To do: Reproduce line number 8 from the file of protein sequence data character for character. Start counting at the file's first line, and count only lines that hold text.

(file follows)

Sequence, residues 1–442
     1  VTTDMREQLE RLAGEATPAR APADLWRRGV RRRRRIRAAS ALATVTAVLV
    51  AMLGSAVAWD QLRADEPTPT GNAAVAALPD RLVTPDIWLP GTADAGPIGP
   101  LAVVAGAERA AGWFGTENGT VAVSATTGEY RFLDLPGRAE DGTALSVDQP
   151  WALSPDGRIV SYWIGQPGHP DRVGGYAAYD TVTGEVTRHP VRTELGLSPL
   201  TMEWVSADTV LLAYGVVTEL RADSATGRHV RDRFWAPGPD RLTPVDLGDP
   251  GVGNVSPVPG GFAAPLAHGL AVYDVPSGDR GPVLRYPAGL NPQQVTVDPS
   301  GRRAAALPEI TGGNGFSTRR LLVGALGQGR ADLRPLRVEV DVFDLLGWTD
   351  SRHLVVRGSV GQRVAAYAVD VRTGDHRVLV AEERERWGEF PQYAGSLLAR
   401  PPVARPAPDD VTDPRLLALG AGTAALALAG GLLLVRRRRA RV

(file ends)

   301  GRRAAALPEI TGGNGFSTRR LLVGALGQGR ADLRPLRVEV DVFDLLGWTD